Modern SRAMs strive to increase bit counts while maintaining low power consumption [6] and high performance. These objectives require continuous scaling of CMOS transistors. The supply voltage must scale down accordingly to control the power consumption and maintain the device reliability. Scaling the supply voltage and minimum transistor dimensions that are used in SRAM cells challenge the process and design engineers to achieve reliable data storage in SRAM arrays. This task is particularly difficult in large SRAM arrays that can contain millions of bits. Random fluctuations in the number and location of the doping atoms in the channel induce large threshold [5] voltage fluctuations in scaled-down transistors.

Figure 1. Schematic of SRAM cell


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International Journal of Advances in Engineering & Technology, Nov 2011. IJAET ISSN: 2231-1963
Other factors affecting the repeatability of the threshold voltage and introducing VTH mismatches even between the neighboring transistors in SRAM cells are the line edge roughness, the variations of the poly critical dimensions and the short channel effects. SRAM stability margin or the Static Noise Margin (SNM) is projected to reduce by 4X as scaling progresses from 250 nm CMOS technology down to 50 nm technology [3]. Since the stability of SRAM cells is reducing with the technology scaling, accurate estimation of SRAM data storage stability in pre-silicon design stage and verification of SRAM stability in the post-silicon testing stage are increasingly important steps in SRAM design.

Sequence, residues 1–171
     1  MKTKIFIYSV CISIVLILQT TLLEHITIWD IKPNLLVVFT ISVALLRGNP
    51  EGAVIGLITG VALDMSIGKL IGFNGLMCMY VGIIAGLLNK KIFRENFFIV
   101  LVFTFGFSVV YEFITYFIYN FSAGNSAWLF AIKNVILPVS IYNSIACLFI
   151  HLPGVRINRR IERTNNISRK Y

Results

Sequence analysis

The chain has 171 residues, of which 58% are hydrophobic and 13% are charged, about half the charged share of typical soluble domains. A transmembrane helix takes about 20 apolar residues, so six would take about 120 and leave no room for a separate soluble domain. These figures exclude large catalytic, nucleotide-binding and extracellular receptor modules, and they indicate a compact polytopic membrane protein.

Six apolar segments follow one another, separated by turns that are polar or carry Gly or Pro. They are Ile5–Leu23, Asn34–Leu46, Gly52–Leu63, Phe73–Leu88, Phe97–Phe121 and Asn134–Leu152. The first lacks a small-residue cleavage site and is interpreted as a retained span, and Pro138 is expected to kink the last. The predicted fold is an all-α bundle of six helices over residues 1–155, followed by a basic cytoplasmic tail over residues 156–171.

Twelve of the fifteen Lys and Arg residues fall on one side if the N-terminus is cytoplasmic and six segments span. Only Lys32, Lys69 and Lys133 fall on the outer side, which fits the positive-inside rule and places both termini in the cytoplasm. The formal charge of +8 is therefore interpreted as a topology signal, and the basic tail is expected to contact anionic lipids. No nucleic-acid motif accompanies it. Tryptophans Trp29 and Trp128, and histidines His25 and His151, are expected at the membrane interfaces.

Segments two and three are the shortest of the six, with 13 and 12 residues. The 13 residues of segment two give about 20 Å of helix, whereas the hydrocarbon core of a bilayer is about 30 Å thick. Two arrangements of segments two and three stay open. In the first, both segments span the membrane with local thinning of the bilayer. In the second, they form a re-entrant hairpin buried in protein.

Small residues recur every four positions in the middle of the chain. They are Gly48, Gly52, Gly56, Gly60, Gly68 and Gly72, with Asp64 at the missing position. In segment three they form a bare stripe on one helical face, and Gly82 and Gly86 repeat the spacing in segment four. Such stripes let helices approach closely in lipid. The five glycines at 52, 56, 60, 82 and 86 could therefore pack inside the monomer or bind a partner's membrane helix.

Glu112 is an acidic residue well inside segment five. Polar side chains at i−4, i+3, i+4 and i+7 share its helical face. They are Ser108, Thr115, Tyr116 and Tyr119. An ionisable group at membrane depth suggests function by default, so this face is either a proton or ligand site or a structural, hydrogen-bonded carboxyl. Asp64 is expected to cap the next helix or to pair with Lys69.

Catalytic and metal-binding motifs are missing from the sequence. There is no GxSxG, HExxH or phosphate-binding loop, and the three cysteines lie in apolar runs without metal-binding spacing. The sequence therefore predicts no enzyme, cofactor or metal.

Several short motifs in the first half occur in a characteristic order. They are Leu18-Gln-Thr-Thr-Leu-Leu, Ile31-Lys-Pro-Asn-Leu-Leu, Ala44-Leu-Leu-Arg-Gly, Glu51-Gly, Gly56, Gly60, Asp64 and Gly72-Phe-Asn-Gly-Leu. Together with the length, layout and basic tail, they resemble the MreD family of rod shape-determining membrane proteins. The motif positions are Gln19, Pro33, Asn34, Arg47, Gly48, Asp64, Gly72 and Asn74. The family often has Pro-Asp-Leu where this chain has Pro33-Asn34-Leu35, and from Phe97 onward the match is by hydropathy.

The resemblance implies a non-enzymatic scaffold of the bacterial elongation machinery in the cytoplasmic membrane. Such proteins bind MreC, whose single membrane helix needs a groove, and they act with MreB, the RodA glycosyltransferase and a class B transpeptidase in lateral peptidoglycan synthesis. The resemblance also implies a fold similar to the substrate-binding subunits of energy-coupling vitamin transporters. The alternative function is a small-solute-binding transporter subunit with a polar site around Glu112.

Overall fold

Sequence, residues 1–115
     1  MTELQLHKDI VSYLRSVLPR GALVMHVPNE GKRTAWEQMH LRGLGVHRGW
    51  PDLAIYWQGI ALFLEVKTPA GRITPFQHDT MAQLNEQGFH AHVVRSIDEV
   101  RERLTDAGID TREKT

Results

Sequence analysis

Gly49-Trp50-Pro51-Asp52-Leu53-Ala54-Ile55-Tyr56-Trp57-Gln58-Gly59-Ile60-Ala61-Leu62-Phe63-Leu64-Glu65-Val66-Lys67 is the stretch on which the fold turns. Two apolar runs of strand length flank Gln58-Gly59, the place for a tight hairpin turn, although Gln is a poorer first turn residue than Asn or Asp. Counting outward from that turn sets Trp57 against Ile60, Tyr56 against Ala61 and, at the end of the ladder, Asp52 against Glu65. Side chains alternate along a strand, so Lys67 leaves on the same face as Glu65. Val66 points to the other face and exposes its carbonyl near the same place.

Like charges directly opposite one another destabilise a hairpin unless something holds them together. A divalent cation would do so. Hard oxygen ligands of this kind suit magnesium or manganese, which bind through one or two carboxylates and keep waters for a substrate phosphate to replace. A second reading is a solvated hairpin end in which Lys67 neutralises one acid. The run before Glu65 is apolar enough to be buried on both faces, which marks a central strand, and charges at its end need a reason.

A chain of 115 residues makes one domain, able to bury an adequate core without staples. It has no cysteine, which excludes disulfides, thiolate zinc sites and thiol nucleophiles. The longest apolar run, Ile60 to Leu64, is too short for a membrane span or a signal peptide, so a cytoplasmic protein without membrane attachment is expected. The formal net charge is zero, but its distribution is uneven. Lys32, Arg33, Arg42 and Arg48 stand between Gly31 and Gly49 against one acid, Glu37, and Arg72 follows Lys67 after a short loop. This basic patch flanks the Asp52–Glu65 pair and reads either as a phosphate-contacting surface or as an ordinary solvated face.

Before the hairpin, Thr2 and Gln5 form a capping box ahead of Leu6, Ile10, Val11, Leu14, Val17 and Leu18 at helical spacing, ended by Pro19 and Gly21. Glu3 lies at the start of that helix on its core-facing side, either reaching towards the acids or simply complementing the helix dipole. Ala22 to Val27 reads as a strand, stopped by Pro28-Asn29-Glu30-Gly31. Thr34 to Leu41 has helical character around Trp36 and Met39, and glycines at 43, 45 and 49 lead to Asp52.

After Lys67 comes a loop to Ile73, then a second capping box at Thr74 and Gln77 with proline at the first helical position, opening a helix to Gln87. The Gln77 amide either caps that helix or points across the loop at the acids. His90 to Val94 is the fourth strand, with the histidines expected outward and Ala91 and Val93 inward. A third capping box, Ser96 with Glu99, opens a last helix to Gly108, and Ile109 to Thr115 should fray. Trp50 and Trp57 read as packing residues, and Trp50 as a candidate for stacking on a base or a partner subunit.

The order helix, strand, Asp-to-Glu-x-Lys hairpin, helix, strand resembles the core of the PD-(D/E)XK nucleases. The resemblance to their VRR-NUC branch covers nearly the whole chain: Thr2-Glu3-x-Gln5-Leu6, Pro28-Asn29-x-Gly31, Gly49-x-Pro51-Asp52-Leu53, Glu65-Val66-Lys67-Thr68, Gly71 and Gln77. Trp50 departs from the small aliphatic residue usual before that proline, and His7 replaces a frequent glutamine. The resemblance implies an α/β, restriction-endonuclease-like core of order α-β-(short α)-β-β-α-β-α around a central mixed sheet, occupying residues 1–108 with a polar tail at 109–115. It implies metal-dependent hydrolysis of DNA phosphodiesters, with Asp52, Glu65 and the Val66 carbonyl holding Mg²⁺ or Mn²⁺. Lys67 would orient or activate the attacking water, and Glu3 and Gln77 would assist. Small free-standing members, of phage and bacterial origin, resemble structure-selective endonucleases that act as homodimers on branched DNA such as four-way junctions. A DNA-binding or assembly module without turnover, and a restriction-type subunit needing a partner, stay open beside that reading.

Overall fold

A large variety of circuit design techniques used to reduce the leakage power of SRAM cells and the memory peripheral circuits (decoding circuitry, I/O, etc). The leakage of the peripheral circuits can be effectively suppressed by turning off the leakage paths with switched source impedance (SSI) during idle period. Our work focuses on the leakage control of 6T -structure SRAM core cell of Fig 1 during the standby mode. The existing SRAM cell leakage reduction techniques include novel SRAM cell design, dynamic-biasing [1], and VDD-gating. Memory operations at such a low voltage effectively reduce both the active and standby power. The dynamic-biasing techniques use dynamic control on transistor gate-source and substrate-source bias to enhance the driving strength of active operations and create low leakage paths during standby period. At the current technology nodes (130nm and 90nm), the above dynamic-biasing schemes typically achieve 5-7X leakage power reduction. This power saving becomes less as the technology scales, because the worsening short-channel effects cause the reverse body bias effect on leakage suppression to diminish [12]. In order to design for a higher (>30X) and sustainable leakage power reduction [7], an SRAM designer needs to integrate multiple low-power design techniques, rather than using dynamic-biasing only. The VDD-gating techniques either gate-off the supply voltage of idle memory sections, or put less frequently used sections into a low-voltage standby mode. There are three types of leakage mechanisms in an SRAM cell: sub-threshold leakage, gate leakage and junction leakage. A lower VDD reduces all of these leakages effectively. The reduction ratio in leakage power is even higher because both the supply voltage and leakage current are reduced. In recent years as the need of leakage reduction in high-utilization memory structures increases, there have been many research activities on low-voltage SRAM standby techniques. Although the available techniques can be very effective in enhancing the efficiency of low-voltage memory standby operation, an important parameter needed by all of these schemes is the value of SRAM standby VDD. This is because a high standby VDD preserves memory data but produces high leakage current, and a very low standby VDD effectively reduces leakage power but does not guarantee a reliable data-retention [8]. An optimal standby VDD is needed to maximize the leakage power saving and satisfy the data preservation requirement at the same time. This will be the main focus of our work. To determine the optimal standby VDD of an SRAM, it is important to understand the voltage requirement for SRAM data retention. Based on an in-depth study of SRAM low voltage dataretention behavior, this work defines the boundary condition of SRAM data retention voltage (DRV), and then derives both the theoretical and practical limits of DRV as functions of design and technology parameters. These DRV analysis and results provide insights to SRAM designers and facilitate the development of low power memory standby schemes. In addition to the analytical DRV study, developed a design technique that aggressively reduces the SRAM standby leakage. In a typical 6T - SRAM design, the bit line voltages are connected to VDD during standby mode. This cell can be represented by a flip-flop comprised of two inverters. These inverters include access transistors M5 and M6. When VDD is reduced to DRV during standby operation, all six transistors in the SRAM cell are in the sub-threshold region. Thus, the capability of SRAM data retention strongly depends on the sub-threshold current conduction behavior. As the minimum VDD required for data preservation, DRV of an SRAM cell is a measure of its stateretention capability under very low voltage. In order to reliably preserve data in an SRAM cell, the cross-coupled inverters must have a loop gain greater than one. The stability of an SRAM cell is also